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I have this general problem in design, refactoring or "triage":

I have an existing multi-threaded C++ application which searches for data using a number of plugin libraries. With the current search interface, a given plugin receives a search string and a pointer to a QList object. Running on a different thread, the plugin goes out and searches various data sources (locally and on the web) and adds the objects of interest to the list. When the plugin returns, the main program, still on the separate thread, adds this data to the local data store (with further processing), guarding this insertion point using a mutex. Thus each plugin can return data asynchronously.

The QT-base plugin library is based on message passing. There are a fair number of plugins which are already written and tested for the application and they work fairly well.

I would like to write some more plugins and leverage the existing application.

The problem is that the new plugins will need more information from the application. They will to need intermittent access to the local data store itself as they search. So to get this, they would need direct or indirect access both the hash array storing the data and the mutex which guards multiple access to the store. I assume the access would be encapsulated by adding an extra method in a "catalog" object.

I can see three ways to write these new plugins.

  1. When loading a plugin, pass them a pointer to my "catalog" at the start. This becomes an extra, "invisible" interface for the new plugins. This seems quick, easy, completely wrong according to OO but I can't see what the future problems would be.

  2. Add a method/message to the existing interface so I have a second function which could be called for the new plugin libraries, the message would pass a pointer to the catalog to the plugins. This would be easy for the plugins but it would complicate my main code and seems generally bad.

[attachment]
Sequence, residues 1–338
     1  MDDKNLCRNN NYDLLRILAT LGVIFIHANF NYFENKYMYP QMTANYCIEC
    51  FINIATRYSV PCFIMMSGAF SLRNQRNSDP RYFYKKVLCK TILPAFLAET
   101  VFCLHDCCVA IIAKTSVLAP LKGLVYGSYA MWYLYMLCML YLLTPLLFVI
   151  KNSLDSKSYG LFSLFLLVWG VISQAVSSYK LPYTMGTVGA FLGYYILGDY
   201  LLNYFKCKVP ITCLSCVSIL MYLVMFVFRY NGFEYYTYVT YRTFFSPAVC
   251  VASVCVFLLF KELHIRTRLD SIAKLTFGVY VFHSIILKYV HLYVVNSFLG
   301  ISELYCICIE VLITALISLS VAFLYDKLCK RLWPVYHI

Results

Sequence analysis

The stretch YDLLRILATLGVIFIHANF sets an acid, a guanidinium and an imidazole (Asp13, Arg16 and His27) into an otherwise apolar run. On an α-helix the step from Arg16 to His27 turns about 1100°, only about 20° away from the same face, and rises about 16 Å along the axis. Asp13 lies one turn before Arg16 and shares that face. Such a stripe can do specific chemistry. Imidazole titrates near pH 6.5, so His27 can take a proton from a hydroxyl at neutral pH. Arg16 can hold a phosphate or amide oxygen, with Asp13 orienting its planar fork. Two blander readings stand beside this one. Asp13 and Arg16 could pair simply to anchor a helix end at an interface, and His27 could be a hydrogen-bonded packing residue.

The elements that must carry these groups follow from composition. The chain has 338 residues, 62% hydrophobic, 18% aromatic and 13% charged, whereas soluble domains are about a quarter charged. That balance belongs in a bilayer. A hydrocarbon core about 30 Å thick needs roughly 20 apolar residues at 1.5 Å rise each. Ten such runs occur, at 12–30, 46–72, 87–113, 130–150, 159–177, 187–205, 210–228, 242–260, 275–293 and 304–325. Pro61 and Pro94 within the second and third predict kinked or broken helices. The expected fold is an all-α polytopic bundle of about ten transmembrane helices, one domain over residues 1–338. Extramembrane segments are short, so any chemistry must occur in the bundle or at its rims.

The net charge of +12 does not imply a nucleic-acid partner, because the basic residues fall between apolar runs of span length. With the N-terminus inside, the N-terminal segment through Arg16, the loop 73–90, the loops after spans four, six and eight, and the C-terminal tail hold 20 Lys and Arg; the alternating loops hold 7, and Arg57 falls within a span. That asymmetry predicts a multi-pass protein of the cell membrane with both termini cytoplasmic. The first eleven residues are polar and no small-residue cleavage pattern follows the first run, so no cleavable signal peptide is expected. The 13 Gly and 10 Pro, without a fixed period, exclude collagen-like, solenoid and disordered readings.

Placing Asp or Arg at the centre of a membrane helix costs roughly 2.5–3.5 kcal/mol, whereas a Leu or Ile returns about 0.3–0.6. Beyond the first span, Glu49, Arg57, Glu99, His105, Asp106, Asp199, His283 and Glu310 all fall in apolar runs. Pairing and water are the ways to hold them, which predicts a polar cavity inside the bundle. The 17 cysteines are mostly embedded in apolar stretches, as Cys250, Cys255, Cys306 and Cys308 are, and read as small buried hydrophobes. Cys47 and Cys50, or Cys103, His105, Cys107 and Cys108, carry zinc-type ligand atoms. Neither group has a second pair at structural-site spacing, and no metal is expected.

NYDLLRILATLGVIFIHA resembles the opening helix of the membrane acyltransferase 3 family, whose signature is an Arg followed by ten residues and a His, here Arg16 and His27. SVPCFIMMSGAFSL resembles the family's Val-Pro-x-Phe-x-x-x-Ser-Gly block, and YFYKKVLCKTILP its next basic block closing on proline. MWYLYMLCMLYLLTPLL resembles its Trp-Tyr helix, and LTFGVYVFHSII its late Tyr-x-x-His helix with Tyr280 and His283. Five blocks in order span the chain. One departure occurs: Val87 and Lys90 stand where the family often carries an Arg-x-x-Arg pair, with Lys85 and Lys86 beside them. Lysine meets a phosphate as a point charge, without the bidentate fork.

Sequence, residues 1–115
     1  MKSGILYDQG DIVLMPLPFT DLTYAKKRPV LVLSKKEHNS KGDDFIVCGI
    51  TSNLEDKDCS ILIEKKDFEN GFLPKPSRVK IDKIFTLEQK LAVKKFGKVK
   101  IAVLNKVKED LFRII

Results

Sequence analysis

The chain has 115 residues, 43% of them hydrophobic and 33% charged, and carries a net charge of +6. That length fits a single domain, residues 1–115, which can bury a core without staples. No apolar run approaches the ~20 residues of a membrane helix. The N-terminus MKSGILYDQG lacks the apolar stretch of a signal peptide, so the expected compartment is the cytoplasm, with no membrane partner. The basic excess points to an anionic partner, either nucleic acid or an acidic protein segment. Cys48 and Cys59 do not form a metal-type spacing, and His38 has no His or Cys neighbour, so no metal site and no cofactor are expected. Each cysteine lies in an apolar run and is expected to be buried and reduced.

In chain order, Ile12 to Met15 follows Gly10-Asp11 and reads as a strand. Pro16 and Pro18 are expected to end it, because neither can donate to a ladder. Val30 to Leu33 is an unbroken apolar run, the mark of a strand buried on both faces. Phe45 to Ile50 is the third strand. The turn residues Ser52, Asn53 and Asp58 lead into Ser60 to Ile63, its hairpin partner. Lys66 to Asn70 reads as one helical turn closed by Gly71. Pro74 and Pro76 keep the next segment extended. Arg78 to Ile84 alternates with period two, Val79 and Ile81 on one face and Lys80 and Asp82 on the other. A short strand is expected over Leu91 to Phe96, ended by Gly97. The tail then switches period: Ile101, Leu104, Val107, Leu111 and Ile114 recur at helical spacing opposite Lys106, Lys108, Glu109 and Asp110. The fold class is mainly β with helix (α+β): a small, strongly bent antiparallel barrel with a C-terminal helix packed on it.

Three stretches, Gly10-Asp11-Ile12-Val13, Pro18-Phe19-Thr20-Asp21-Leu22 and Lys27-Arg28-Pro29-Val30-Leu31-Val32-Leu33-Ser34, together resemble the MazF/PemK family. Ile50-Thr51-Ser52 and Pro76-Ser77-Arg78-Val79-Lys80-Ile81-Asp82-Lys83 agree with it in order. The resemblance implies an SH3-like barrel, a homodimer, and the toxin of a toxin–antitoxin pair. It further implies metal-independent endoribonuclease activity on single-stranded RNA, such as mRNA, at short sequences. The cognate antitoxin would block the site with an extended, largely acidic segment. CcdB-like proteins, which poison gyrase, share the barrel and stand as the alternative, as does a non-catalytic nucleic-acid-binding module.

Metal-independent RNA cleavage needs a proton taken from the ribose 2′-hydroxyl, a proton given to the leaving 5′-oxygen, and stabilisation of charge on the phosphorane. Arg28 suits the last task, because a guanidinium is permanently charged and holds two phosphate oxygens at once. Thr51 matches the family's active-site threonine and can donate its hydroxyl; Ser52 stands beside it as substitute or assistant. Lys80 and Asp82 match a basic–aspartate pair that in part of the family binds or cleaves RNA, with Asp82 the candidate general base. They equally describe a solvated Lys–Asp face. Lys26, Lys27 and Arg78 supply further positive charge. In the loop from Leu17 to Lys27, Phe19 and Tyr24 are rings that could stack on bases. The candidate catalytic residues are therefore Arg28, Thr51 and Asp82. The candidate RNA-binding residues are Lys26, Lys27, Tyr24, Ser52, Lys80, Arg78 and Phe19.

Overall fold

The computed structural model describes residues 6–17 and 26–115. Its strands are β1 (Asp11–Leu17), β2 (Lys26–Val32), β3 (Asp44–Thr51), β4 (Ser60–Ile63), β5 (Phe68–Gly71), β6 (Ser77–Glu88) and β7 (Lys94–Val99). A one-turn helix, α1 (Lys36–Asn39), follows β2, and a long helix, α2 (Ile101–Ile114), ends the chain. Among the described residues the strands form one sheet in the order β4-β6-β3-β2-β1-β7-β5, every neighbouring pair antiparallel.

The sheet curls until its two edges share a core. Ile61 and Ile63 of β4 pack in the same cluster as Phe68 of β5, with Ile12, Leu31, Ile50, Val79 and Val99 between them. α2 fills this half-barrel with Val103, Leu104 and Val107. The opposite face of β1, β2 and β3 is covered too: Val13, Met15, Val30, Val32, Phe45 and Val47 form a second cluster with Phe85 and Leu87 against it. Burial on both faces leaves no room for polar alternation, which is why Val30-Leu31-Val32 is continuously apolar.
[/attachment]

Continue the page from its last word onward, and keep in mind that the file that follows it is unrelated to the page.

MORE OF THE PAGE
3. Redesign the plugin interface. This seems "best" according to OO, could have other added benefits but would require all sorts of rewriting.

So, my questions are

A. Can anyone tell me the concrete dangers of option 1?

B. Is there a known pattern that fits this kind of problem?


A typical function for calling the plugin routines looks like:

    QList<CatItem> results;
    plugins->getResult(spec, &results);

void PluginHandler::getResults(QString* spec, QList<CatItem>* results)
    if (id->count() == 0) return;
    foreach(PluginInfo info, plugins) {
    	if (info.loaded)
    		info.obj->msg(MSG_GET_RESULTS, (void*) spec, (void*) results);

It's a repeated through-out the code. I'd rather extend it than break it.

share|improve this question
up vote 4 down vote accepted

Why is it "completely wrong according to OO"? If your plugin needs access to that object, and it doesn't violate any abstraction you want to preserve, it is the correct solution.

To me it seems like you blew your abstractions the moment you decided that your plugin needs access to the list itself. You just blew up your entire application's architecture. Are you sure you need access to the actual list itself? Why? What do you need from it? Can that information be provided in a more sensible way? One which doesn't 1) increase contention over a shared resource (and increase the risk of subtle multithreading bugs like race conditions and deadlocks), and 2) doesn't undermine the architecture of the rest of the app (which specifically preserves a separation between the list and its clients, to allow asynchronicity)